Inferno (2016)

2017 #93
Ron Howard | 121 mins | Blu-ray | 1.85:1 | USA & Hungary / English, French, Italian & Turkish | 12 / PG-13

Inferno

Tom Hanks returns as Robert Langdon, Dan Brown’s symboligist-cum-crime-solver (that’s the main character from The Da Vinci Code, for everyone who’s forgotten in the decade-ish since that book was at the top of the cultural zeitgeist) for his third adventure (they made a second, remember?) based on the fourth novel, after the first film was based on the second novel and the second film was based on the first novel (not that that matters, it’s just kinda funny).

This time, Langdon wakes up in a hospital bed in Florence, with a gunshot wound to his temple that has caused him to both forget the last two days and have terrifying hallucinations of Hell. When an assassin turns up trying to kill him, he escapes with Dr Sienna Brooks (Felicity Jones). Still unable to recall how he ended up in this predicament, Langdon discovers a small projector in his pocket, which contains what will be the first clue to another scavenger hunt of famous old artworks and the like. At the end of the trail: a man-made pathogen that could wipe out 95% of humanity. Pursued by several groups who want the virus for their own nefarious (or not) ends, Langdon and Sienna race against time to save the world.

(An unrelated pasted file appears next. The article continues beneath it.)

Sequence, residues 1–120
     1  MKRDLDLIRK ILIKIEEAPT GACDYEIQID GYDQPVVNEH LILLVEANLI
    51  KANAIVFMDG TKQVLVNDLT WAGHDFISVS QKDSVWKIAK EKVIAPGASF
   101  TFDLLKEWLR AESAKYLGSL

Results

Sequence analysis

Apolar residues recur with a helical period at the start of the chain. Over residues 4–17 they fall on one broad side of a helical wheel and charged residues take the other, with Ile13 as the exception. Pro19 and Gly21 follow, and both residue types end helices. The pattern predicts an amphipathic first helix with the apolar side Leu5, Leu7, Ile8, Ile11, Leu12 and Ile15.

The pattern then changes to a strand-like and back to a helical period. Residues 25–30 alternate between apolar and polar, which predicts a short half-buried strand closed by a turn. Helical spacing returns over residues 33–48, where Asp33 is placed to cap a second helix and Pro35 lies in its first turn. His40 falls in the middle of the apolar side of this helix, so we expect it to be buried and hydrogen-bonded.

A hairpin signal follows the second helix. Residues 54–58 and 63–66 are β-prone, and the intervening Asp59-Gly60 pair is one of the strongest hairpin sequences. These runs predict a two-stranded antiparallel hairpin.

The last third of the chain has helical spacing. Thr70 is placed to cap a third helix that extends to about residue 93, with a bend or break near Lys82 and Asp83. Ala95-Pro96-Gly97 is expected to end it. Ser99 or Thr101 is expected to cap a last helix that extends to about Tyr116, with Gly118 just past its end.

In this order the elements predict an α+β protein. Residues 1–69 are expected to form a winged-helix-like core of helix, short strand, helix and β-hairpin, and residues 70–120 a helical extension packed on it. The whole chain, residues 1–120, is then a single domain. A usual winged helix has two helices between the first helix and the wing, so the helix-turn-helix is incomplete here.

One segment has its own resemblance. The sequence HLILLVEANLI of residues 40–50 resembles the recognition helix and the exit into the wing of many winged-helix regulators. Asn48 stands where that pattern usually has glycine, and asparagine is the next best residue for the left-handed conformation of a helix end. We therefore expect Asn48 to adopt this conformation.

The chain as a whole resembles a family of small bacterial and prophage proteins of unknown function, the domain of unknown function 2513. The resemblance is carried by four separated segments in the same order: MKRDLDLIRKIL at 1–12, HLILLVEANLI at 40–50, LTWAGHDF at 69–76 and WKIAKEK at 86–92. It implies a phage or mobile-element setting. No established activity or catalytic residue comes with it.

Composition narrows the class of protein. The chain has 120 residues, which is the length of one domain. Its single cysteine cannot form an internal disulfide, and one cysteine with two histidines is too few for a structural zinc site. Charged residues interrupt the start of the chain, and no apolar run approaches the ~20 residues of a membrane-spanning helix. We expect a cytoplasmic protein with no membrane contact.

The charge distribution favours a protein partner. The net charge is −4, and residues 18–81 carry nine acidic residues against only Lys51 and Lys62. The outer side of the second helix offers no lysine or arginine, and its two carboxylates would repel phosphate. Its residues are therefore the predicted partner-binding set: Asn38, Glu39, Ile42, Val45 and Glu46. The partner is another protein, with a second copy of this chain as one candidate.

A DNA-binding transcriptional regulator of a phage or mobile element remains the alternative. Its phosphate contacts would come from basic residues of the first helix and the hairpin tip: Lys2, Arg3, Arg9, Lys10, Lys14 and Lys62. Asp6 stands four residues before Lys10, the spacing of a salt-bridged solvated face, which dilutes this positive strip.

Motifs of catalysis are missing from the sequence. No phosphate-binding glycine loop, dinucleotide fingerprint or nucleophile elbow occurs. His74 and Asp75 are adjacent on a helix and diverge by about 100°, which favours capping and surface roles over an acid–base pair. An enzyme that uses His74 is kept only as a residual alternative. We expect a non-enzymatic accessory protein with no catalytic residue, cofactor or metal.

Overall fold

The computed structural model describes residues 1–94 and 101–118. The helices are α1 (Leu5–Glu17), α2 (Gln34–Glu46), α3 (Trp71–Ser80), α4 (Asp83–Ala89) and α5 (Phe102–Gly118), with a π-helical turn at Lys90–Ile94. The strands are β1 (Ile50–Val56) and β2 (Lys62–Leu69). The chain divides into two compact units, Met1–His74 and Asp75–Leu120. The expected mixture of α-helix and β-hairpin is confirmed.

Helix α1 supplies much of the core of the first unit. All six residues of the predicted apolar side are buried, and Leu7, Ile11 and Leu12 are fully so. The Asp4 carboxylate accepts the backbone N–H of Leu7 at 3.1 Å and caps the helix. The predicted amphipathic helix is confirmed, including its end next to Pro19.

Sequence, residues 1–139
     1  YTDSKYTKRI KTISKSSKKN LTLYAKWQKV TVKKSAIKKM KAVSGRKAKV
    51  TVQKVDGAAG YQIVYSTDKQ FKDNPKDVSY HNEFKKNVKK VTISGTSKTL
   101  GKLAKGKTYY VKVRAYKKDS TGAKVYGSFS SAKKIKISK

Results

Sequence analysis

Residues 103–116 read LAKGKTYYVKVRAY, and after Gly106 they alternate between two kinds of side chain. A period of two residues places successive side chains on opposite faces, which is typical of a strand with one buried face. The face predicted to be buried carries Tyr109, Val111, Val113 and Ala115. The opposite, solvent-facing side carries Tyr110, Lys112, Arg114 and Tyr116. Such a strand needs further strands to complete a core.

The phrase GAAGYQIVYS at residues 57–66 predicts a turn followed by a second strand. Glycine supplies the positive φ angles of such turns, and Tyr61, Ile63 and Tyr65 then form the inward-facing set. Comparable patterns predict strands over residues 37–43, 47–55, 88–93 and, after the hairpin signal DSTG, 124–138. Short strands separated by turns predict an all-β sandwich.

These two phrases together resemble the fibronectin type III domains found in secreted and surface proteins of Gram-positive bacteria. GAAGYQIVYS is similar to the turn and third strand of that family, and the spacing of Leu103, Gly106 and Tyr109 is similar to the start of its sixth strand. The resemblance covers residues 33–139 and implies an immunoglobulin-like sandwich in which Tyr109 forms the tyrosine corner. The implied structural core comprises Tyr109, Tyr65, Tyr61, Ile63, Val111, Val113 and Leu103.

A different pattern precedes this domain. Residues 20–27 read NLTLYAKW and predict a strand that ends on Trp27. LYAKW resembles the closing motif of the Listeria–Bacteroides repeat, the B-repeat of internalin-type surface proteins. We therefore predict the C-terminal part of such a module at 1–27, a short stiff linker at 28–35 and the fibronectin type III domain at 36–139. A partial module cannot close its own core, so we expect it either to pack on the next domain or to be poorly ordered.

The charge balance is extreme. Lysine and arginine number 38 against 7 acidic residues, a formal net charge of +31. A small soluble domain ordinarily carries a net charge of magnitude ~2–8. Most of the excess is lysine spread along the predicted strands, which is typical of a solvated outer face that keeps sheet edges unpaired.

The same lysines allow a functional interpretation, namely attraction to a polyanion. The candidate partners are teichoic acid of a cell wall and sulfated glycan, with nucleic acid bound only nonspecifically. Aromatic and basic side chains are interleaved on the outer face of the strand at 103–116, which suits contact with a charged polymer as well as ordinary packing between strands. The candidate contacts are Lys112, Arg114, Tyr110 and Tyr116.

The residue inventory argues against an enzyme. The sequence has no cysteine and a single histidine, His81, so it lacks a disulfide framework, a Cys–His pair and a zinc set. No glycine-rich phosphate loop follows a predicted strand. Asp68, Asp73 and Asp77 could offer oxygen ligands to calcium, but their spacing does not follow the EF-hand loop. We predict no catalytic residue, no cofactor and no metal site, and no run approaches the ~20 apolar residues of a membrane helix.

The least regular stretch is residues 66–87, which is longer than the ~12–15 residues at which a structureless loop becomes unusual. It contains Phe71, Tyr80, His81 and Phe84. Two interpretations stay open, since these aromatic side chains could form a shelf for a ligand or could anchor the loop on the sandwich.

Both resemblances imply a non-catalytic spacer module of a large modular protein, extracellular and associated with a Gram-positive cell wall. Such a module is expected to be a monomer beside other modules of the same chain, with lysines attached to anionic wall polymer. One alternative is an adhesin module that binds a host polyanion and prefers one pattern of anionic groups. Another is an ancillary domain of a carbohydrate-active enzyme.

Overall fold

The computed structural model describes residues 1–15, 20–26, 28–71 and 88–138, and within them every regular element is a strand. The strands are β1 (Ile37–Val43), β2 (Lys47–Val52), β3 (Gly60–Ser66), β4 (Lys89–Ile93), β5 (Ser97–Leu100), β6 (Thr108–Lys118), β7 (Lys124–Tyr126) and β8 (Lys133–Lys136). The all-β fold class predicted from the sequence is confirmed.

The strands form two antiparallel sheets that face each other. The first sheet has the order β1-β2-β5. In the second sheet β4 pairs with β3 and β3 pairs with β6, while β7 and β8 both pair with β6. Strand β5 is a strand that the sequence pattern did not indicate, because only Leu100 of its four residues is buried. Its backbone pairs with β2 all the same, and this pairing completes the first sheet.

If you haven’t guessed yet, Inferno is a bit silly. Not utterly silly, but silly in the kind of way the previous Dan Brown movies have been silly — pretending they’re taking place in a plausible real world, when they’re not. The kind of silly where a villain leaves a trail of clues for someone to follow and make sure his scheme is executed, rather than, I dunno, putting a timer on it. (Incidentally, this is a change from the novel, where (based on what I read on Wikipedia) his plan makes marginally more sense.) The kind of silly where apparently the World Health Organisation is some international enforcement agency with gun-toting special ops units and the power to override local police. (I don’t know much about the real WHO, but I find this version very hard to believe.)

Brooks and Langdon

On the bright side, Inferno is not nearly so po-faced as the previous Langdon movies. If you suspend your disbelief, it’s a reasonably compelling mystery (or set of mysteries), where for once the ultimate solution doesn’t feel obvious from the get-go. The same goes for the issue of who to trust. As you’d expect from a race-against-time thriller with an everyman hero, there are multiple different forces in pursuit of Langdon, and you know that one of those groups will turn out to actually be on his side, because that’s how these things always go — but which? Well, I thought it was less blatantly obvious than normal, anyway; though I did guess one other huge twist almost from the start (and I’m sure most viewers who are reasonably versed in this genre of movie will too).